After a very rough few km down off the top, the route gradually made its way out of the wide valley. Small villages popped up out of nowhere, and shepherds tended their massive flocks of sheep, goats, and a few random cows. Riding slowly through these parts, it gave me the feeling of going back in time to scenes I imagine in biblical times. The trail lead me to Rangkul village where a fork leads you east to the Chinese border or west to a couple stunning alpine lake. My Chinese visa being used, I turned west.
Rangkul and Shorkul lakes sit in an inter-mountain trough close to the Chinese border. The two lakes make up a closed drainage system where none of the gathered water is allowed to reach exterior water sources, like rivers. Much of the water comes from melt up on the Chinese border. The first lake, coming from the east, is Rangkul. The shoreline is swampy grassland, which makes it difficult to get right next to it. What a gorgeous sight it is, with views towards the snowy border and golden brown mountains running parallel on the other side. The wispy green, yellow, orange, and reddish grasses add a pretty contrast to the blue water.
When the winds calm, the surface reflects the surroundings. I was going to camp next to this lake, but the mosquitos drove me away. Rongkul is a freshwater lake, but no fish live in it, just lots and lots of mosquitoes.
A short ride down the gravel road brings you to Shorkul, which is a brackish lake. There were some amazing colors going on in the afternoon. Along with the different color grasses there was a bleach white almost crust. With the dark blues and mountain peaks, it was a magical scene.
I rode up to a small ridge at the base of the mountains and an endless view over both lakes. A picture perfect camp-spot away from all the craziness of the world. During the day the sunshine warms everything up nicely. It’s the perfect temperature to sit out and get some rays on the bones, but as soon as the sun sneaks behind the hills it’s a big drop. The night skies brought incredible stars crossed by the bright milky-way, but also below freezing temperatures. It was a rough night in the tent with, but I can’t complain. I can’t think of anywhere else I’d rather be, except for maybe a tropical beach for a couple of days.
The crisp morning air brought cloudless blue skies and strong sunshine. The calm lake surface created some gorgeous reflections of the mountainous landscape.
Continuing from the lakes another 20 km, you find yourself back on the Pamir Highway.
There are no words for the sheer beauty of this ride.
Eventually the road splits and you have your choice of heading south to the Wakhan Valley or continuing west on the actual Pamir highway. Both ways are spectacular. I did both of them, but will post about the Wakhan next time. It deserves its own. The section before the split shows off some pretty lakes before climbing in elevation. There’s one final view out over the massive landscape and where you came from.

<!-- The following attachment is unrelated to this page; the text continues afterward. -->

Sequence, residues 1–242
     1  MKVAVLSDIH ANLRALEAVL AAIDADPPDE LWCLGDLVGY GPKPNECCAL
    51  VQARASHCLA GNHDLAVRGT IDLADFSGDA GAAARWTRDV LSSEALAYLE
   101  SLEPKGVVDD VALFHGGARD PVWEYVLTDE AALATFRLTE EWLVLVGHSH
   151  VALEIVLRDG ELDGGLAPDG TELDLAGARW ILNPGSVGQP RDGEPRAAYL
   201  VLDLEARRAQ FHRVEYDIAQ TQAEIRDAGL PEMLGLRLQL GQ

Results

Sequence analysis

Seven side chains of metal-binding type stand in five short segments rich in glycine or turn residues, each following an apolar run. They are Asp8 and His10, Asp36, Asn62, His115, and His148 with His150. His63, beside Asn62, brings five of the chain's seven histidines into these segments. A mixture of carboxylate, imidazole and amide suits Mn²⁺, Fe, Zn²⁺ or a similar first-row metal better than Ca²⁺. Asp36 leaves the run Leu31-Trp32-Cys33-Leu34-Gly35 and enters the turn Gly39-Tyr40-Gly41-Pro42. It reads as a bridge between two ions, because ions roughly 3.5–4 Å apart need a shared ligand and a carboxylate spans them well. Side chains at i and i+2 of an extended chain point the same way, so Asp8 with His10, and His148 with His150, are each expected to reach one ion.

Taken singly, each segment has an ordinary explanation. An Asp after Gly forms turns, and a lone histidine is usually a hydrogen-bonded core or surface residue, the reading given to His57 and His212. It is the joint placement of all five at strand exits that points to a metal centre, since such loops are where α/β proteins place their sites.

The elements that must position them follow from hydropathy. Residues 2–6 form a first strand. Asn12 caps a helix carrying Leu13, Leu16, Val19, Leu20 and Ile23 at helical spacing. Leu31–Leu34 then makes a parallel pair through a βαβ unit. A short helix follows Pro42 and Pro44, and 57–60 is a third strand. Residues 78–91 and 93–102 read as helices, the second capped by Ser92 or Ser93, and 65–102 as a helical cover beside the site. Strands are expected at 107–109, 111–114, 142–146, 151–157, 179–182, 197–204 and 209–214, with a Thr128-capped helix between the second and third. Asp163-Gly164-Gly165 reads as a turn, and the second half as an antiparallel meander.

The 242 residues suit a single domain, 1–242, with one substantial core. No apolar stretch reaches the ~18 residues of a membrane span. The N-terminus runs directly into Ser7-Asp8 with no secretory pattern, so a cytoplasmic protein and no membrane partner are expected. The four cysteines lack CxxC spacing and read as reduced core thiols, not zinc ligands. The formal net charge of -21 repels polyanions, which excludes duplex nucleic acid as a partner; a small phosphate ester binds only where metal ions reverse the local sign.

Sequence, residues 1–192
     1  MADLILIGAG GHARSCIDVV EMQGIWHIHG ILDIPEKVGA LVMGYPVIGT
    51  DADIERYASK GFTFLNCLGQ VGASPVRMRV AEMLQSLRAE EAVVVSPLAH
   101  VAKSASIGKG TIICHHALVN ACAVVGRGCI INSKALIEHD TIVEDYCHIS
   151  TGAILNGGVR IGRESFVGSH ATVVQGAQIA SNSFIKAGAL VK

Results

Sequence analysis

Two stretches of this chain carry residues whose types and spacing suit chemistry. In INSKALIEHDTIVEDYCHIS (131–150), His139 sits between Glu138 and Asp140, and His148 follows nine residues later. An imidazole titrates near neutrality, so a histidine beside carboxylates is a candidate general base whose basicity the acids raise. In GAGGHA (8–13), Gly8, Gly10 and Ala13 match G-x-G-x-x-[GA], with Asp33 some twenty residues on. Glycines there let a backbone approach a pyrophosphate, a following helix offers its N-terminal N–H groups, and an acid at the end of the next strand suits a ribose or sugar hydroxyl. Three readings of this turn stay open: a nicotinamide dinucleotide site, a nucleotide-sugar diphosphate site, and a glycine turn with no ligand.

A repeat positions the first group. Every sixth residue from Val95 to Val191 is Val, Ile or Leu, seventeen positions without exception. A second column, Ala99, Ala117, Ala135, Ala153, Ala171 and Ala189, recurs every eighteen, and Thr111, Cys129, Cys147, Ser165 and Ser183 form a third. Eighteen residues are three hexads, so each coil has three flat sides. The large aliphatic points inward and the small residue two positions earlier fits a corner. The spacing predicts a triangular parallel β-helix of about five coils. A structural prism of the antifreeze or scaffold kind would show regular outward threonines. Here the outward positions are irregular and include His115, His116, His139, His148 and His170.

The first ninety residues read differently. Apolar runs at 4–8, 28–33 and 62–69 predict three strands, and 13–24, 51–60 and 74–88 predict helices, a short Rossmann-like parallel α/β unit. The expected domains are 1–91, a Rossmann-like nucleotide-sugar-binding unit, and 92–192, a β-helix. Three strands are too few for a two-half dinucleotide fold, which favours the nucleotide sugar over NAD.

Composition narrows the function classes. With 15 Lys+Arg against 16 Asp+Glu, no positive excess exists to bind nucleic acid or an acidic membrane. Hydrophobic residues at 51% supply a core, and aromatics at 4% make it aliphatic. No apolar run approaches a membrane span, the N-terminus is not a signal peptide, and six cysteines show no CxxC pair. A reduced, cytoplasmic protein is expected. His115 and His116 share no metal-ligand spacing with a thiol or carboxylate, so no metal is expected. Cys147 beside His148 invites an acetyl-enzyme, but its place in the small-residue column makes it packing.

Unlike the Wakhan Valley, this section of the Pamir Highway is fantastic smooth asphalt.
I had a plan to cross from the Pamir Highway over a rough mountain pass to the Roshtqala Valley, but half way up something amazing happened. Since starting from Australia, over 25,000 km ago, I got my first flat tire. Out of all the zillions of places it could have happened, I found one of the worst. As I was going up a steep vertical climb on soft sand, I noticed the flat and tried to stop. Doing this on that kind of slope was a terrible idea. To make a long story short I laid the bike down. I had to drag it around with all my strength just get the right angle to be able to lift it up. I mustered everything I had to get it up, but couldn’t balance it and lost it again. That time I broke my mirror and clutch lever. Eventually, I got it turned around and rolled back down the hill where I had seen a group of locals working on a truck. They had a nice flat open area. When I found what it was that punctured my tube, I was blown away. The tiniest sliver metal wire had gone through my tire. It looked like a tiny spring. For the next hour, as the sun creeped below the mountains, I removed the tire and patched the tube. It was kind of nice to have some locals around to joke with. Just as daylight left us for good, I finished up and they got their gearbox working.
Running along the Pamir Highway is one the most beautiful aqua-marine rivers I’ve ever seen. A truly amazing sight.
Getting closer to Khorog, you get your first evidence of the massive mudslide/landslide that happened earlier this summer, which created an artificial lake. It’s much smaller, but eerily similar to Attabad Lake in Pakistan. In the spring and early summer months heavy rains are a major issue in Gorno-Badakhshan, which cause disasters often.
Fifteen km east of Khorog, the massive mud and rock flow came down and choked the flow of the river as well as destroying a large section of the Pamir Highway. Many homes were destroyed and eaten up by the dangerous flow. To make things worse, the river channel being closed off cause an artificial lake to form. This flooded and submerged many homes and small shops in the area. Road crews have done an incredible job of quickly building a new road and re-opening the route. When I went through, a handful of locals were scavenging in the rocky debris of the slide.
It’s terrible to see the destruction that it caused, but you can’t deny the beauty of the lake. Large chunks of electrical poles float and bob around. The landscape is very similar to the Hunza Valley in northern Pakistan where the Attabad landslide occurred. Here’s a LINK to my post about crossing the artificial lake it created and the surrounding area. I had flashbacks of being back in that wonderful area.
The color of the water is dream colored. With the early morning reflections cast over its tropical surface, surrounded by tall green trees, and highlighted by a rich blue sky, it made for a truly beautiful scene.
Approaching Khorog, the valley walls get tighter and steeper until you climb up out of it. After going through a section of tunnels, you get your final views over this beautiful river. Stop and enjoy the moment and take it all in.
Next up: The Wakhan Valley along the Afghan border.